I am not an expert on the latter subject. I have however recently fathered a boy, and would like to share the experience with readers and allow them to draw their own conclusions as to whether our society and health service actually do support mothers who choose this natural method of feeding one's infant.
It is obvious to me that breast feeding is promoted. It was indeed the recommendation of the midwife pre birth, and all literature supplied was of the same opinion. Therefore, at the time of the birth, the slippery and bloody mucas covered infant was thrust at my partners breast where he indulged without encouragment at his first nuzzle of the nipple.
Now aged 7 weeks, it apppears to your writer that he has remained there or thereabouts, for most of his awakened life. Sometimes, his appetite seems insatiable and this became a constant worry to his mother, the ubiquitous fear of running dry. At certain stages of his life, namely two and six weeks, the little monster developed an almost frantic madness for the breast. He would tug furiously on the nipple when not sucking from it;once he regained consciousness from an almost drunken display of milk consumption. This could last up to eight hours in ther evening, the only respite for the mother being a burp removal excercise on the boy by yours truly.
It is at these points where a critical error in the childs development can, to my mind, be made. The mother, in the depths of despair at the furious advances, will tell friends, family and others of the problem - the solution often being "just top him up with a bottle". The bottle being infant formula milk.
Now this advice will be given in the best of intentions. The problem is though, that once the first bottle has been given, the infant then requires less milk from the mother - so she produces less. The reason for all the aforementioned nipple toying is again natural. It signals to the mother to produce more milk, so she does. This is not like a light switch change, more like a set of scales. As the baby gets enough milk, he then stops the tugging and a natural equilibrium is again reached between the supply of mother and demand of baby. He has jusrt gone through a growth spurt.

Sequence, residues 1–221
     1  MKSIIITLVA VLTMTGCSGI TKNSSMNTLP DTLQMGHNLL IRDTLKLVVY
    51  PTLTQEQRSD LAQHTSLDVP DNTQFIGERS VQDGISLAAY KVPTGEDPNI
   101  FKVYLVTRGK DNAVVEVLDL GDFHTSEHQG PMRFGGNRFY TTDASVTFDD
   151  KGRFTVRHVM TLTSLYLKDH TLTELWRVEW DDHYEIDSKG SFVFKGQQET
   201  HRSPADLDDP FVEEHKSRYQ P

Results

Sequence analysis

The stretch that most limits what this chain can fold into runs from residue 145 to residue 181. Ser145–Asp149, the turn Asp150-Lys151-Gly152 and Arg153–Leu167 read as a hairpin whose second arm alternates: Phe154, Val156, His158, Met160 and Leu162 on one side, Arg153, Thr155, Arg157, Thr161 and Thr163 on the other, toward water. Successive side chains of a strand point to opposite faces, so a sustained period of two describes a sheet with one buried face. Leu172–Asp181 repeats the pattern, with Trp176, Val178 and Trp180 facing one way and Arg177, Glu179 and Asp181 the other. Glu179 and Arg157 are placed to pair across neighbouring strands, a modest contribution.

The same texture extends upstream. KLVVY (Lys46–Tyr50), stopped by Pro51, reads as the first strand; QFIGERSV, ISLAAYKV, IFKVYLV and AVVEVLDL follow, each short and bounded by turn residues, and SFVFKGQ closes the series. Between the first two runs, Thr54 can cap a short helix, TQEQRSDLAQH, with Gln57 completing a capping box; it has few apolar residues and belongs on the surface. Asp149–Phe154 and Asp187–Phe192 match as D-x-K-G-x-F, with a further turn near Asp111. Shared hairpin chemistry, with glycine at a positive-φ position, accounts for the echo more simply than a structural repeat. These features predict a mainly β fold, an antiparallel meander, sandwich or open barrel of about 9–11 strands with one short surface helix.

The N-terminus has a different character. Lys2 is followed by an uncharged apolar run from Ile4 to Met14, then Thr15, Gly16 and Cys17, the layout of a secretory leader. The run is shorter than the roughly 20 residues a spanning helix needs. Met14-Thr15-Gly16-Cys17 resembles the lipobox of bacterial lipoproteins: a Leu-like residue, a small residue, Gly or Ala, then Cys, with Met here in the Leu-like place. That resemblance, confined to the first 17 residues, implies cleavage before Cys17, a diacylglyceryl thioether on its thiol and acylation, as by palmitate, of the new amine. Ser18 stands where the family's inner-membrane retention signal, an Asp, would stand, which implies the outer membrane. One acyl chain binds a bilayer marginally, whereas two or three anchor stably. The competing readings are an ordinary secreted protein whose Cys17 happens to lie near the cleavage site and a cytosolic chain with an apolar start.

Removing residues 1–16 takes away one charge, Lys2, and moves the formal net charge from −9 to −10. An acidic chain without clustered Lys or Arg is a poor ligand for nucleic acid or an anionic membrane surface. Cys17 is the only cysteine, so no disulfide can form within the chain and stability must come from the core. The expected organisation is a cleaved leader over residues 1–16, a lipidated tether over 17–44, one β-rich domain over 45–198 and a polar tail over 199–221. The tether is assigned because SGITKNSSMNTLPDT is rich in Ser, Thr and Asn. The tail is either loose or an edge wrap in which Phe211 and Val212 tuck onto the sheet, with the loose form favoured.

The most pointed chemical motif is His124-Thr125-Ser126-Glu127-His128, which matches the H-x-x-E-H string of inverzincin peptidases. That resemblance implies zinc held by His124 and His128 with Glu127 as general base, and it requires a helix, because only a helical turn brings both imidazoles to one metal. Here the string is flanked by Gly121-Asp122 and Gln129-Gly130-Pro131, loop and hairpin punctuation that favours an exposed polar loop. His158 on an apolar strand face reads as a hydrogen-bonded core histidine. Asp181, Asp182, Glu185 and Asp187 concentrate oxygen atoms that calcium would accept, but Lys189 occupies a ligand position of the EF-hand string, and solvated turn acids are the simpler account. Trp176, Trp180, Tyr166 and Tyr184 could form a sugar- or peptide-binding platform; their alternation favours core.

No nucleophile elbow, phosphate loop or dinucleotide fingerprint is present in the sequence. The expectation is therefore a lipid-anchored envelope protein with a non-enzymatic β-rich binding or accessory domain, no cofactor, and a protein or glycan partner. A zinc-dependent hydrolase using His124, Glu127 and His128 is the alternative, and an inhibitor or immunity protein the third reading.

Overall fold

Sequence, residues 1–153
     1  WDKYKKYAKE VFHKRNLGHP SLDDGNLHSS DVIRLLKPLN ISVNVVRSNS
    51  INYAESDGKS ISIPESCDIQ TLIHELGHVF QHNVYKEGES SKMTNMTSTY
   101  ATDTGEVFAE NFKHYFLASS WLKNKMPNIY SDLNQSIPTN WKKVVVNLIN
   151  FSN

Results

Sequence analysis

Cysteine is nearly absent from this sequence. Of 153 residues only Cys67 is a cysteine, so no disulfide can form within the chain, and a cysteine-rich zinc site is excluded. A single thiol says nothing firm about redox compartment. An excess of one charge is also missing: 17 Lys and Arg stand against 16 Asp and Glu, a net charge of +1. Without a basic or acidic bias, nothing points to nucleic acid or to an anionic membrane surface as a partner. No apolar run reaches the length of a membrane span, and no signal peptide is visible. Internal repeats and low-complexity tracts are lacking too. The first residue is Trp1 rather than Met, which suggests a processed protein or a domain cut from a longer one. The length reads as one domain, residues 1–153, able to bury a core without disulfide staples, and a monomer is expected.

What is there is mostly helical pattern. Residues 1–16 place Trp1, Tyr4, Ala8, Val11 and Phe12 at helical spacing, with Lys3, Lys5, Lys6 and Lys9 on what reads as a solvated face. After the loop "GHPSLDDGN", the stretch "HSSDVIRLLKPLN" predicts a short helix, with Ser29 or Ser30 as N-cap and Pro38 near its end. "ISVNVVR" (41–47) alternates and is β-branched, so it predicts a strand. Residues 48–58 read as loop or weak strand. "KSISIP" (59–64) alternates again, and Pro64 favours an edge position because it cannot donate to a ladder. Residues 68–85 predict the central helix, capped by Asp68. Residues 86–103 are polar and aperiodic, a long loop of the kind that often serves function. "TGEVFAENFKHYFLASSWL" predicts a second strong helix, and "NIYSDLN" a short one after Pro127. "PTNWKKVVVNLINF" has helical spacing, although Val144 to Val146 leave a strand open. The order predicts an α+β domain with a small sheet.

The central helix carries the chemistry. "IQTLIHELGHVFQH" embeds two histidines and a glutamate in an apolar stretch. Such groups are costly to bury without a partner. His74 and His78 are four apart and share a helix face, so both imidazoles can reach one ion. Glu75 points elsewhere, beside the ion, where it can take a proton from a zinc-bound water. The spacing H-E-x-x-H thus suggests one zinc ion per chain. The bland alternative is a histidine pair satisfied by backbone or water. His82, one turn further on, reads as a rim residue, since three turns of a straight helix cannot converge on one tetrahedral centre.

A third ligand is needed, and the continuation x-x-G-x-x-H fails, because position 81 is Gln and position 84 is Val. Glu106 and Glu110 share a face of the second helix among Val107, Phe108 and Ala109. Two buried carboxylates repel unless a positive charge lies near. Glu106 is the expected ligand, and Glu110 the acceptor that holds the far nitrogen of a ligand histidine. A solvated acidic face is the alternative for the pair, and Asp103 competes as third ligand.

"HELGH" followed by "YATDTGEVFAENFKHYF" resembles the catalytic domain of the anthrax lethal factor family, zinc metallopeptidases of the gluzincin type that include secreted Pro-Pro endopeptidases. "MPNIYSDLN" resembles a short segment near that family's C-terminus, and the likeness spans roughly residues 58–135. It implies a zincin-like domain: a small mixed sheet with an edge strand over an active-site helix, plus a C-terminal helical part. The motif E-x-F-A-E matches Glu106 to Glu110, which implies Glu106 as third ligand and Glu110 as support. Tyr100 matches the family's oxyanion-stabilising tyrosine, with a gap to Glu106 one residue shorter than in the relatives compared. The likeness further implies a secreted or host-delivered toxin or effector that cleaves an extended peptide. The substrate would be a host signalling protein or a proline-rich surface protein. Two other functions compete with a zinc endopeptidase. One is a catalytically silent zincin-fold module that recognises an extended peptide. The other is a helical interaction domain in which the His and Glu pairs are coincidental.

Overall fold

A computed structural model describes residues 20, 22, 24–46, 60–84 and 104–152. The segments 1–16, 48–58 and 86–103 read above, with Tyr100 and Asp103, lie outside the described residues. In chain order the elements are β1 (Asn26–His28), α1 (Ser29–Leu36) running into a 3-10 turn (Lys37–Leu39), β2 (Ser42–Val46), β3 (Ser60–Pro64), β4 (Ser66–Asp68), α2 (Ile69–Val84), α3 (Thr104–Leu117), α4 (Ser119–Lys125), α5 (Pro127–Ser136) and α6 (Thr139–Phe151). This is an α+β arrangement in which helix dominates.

Here's the rub. The baby is getting bigger and so needs more to eat. If the mother has taken the topping up advice and is giving a part breast/part formula diet then this has at least two drawbacks. It adversly affects some of the natural benefits that breast feeding provides, and additionally sets a precedent for the mother. The use of the bottle to top up. It simple to see where this road ends, an entirely formula fed infant.
Now, the World Health Organisation advise that mothers should soley breastfeed for six months. Our Government and NHS appear to back this advice. Yet mothers don not get full pay for six months so this is economically impossible for the majority in today's world. Infant formula milk is available in our supermarkets and states on the tin in large letters - suitable for topping up. Why is this allowed on shelves if it is not the best interests of a child development, which would seem to be the case given recent and historical findings into the matter. Given that 2% of mothers cannot naturally breastfeed, would it not be more beneficial for our children's (collective) future, that these products are removed from shelves and classed as prescription only. These 2% of children could then be given closer medical attention, surely they are more at risk of disease than a breast fed infant. We might even find that demands on our overworked doctors reduce significantly in the long run. Surely, it would be prudent to do this until the product can be proved safe, rather than the other way round.
It seems that perhaps we have been fed a long term myth regarding the safety and effects of formula milk. These could be long term. What is clear though, is that the same companies who produce the chemical milk also produce the chemical remedies to cure the future infant illnesses. Could it be that they in fact cause the majority of them through their products. Could it be that depriving an infant of the bonding aspect of breastfeeding has a subsequent adverse effect on their future mental health as an adult thus perhaps sending a proportion into a requirement for further prescription drugs ? Could their be a similar additive in Nestle's infant products as in in their adult produts, thus creating an unknown desire. Why are pharmaceutical representatives allowed to court our medical advisors ?
Who knows really ? What is clear though is that a sick society breeds sick humans. It is not about time we had a realistic and logical look at what is and is not in the best interests of our children, rather then subscribing to ingrained myths which somehow allow us, collectively, to believe that we already are.
Back with the news tomorrow.
Roping them in; young.